Workers paid to put motherhood on ice...
Intel is the latest big company to consider paying employees to have their eggs frozen. Will women have to choose between postponing their careers or motherhood? We report on a controversial practice that is growing in popularity
Published 24/05/2015 | 02:30
Until recently, the issue of how and when a woman gives birth to a baby has been purely a matter for herself and her partner. The employer has not been involved in the business of making families, but all that may be changing in the brave new world of the modern corporation.
This week it was reported that Intel is the latest big tech company to consider paying female employees to have their eggs frozen. The facility is already provided by Apple and Facebook in the United States. Facebook offers up to €16,000 to its American staff for keeping their eggs on ice.
The freezing process, known as oocyte cryopreservation, enables a woman to have her eggs extracted and stored for an indefinite period.
They can then be planted in her uterus at a later time. This means she can delay pregnancy until a time of her choosing, assuming that the procedure works.
Egg preservation in this way is growing in popularity among Irish women. However, it is believed not a single baby has yet been born in Ireland after an egg was frozen here.
The work subsidy paid to future mothers offers yet more evidence that the lines between private and working lives in modern corporations are increasingly blurred.
While some women may see it as a useful company perk that is purely optional, others warn that it is going too far across the boundary into the intimate lives of individuals. As she revealed in an interview that the perk was being considered at Intel, the vice president, Margaret Burgraff, said she herself had reservations.
"I personally find it too intrusive," she said with admirable frankness. "I don't want my workplace involved in my fertility."
Until recently, Irish women tended to have their eggs frozen for medical reasons only.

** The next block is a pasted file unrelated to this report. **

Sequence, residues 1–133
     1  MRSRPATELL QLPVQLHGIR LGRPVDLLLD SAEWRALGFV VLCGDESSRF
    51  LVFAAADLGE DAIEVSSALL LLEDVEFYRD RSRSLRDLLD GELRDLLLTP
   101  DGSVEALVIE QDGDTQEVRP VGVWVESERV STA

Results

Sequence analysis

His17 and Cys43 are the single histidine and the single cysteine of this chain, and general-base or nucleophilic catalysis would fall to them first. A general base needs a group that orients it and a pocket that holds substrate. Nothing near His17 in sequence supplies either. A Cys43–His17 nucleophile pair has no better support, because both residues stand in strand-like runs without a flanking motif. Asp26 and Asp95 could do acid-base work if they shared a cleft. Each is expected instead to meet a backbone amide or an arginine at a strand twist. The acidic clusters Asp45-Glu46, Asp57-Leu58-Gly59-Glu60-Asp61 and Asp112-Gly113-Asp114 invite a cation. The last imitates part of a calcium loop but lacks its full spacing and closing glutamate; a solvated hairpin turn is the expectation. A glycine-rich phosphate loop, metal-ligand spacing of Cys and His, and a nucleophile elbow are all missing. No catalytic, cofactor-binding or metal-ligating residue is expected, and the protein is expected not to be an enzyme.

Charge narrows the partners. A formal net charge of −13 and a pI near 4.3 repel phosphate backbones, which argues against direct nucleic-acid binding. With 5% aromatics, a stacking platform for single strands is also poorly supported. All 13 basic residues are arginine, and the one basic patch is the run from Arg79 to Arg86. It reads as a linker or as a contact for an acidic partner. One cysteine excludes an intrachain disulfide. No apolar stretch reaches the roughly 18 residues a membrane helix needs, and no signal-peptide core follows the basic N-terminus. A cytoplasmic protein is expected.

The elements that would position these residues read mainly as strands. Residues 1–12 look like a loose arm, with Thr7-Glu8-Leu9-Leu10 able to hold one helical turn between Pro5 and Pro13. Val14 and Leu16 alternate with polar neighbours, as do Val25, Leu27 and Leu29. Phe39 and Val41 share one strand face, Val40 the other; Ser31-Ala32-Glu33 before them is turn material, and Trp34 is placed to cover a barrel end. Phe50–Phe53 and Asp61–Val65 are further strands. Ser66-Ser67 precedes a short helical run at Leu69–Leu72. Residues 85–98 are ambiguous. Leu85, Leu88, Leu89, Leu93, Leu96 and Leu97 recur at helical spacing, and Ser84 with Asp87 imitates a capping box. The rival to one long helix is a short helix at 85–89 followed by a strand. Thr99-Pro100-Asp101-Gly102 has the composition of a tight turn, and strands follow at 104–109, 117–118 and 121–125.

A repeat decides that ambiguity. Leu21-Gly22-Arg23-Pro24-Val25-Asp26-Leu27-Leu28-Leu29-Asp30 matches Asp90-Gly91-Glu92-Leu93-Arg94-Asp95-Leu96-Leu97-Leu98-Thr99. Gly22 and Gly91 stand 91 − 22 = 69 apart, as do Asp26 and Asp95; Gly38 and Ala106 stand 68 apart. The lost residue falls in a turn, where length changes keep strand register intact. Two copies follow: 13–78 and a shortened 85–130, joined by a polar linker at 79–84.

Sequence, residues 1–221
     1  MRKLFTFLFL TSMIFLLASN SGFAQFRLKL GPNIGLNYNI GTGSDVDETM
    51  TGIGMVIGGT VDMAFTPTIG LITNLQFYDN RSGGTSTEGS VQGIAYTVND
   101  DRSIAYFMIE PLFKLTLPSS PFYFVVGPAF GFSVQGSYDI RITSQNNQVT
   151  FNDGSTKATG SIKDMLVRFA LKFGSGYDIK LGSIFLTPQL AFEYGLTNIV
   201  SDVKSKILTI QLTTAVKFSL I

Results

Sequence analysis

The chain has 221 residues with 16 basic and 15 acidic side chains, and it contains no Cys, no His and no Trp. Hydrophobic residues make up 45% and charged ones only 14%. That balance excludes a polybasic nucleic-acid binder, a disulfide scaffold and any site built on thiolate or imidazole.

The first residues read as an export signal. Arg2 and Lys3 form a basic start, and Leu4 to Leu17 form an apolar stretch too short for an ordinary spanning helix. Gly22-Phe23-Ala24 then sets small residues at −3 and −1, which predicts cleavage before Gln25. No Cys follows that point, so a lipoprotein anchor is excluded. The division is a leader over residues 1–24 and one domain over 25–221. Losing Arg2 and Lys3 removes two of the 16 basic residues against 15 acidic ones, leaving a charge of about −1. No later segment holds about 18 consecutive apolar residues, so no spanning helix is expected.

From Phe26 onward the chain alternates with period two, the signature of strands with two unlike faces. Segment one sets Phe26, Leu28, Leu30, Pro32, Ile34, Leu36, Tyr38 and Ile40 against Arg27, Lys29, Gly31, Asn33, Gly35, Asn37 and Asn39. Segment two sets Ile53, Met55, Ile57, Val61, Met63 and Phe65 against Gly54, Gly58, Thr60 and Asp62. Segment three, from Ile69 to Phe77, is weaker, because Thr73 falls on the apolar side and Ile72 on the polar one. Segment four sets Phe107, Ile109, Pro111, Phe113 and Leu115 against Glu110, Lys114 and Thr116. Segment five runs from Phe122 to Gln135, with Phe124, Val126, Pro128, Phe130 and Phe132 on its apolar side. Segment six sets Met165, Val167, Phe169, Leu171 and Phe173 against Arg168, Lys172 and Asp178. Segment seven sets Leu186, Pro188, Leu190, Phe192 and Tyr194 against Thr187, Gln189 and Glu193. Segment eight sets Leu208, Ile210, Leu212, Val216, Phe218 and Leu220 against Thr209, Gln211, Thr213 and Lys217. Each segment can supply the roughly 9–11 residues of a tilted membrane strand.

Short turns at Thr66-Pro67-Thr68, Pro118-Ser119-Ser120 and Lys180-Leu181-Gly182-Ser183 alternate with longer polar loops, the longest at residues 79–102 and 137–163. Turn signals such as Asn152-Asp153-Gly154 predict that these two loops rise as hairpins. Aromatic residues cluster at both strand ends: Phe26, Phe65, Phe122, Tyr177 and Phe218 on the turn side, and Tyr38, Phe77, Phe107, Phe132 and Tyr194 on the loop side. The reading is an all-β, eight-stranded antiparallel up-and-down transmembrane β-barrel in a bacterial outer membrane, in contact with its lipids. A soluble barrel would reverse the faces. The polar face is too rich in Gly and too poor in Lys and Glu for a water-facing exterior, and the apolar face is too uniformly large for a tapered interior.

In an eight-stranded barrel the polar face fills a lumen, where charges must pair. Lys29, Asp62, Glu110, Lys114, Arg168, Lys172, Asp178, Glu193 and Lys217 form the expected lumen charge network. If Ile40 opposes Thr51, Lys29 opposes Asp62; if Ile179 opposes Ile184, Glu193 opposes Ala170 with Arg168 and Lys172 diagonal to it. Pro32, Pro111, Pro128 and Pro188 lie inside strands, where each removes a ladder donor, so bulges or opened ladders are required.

For some years now, women with cancer have frozen their eggs because treatments such as chemotherapy and radiotherapy affect fertility.
Now it is becoming more common for women to freeze their eggs for social reasons. They may feel that they have not met the right man yet, or they don't want to delay the advancement of their careers by becoming mothers immediately.
Dr David Walsh of Dublin's Sims fertility clinic says: "Social egg freezing has grown in popularity over the past two years as the technology has improved."
He adds that he has no problem with companies subsidising their employees to freeze their eggs
"It's a medical benefit, like anything else. Women get berated for leaving it too long to have a family. And then they are berated for doing something about it like freezing their eggs."
One of the pitfalls of egg freezing is that there is no guarantee that it will work, and the chances of a successful pregnancy drop sharply after a woman begins the process past the age of 35. Dr Walsh says: "Women who do it early and have lots of eggs have a good outcome. Women who are older, who have fewer good quality eggs, have a much lower chance of success. It's more of a possibility than a probability."
Is there not a danger that women who are capable of giving birth naturally with little difficulty in their early 30s, freeze their eggs and then find later that the procedure doesn't work?
Producing a baby from a frozen egg remains a gamble. Dr John Waterstone of the Cork Fertility Centre, who once delivered a baby from a frozen donated egg, is against social egg freezing and describes the subsidies paid by corporations for the procedure as "a dubious perk".
"If you tell a woman she can freeze her eggs, she may rely on that and not have a baby naturally. If you thaw the eggs when she is 40 and it doesn't work, you may have made it worse for her. It could be doing more harm than good."
In America, social egg freezing is much more widely accepted than here. Last year, the magazine Bloomberg Businessweek carried the coverline: "FREEZE YOUR EGGS, FREE YOUR CAREER."
So why do Apple and other big companies offer the perk?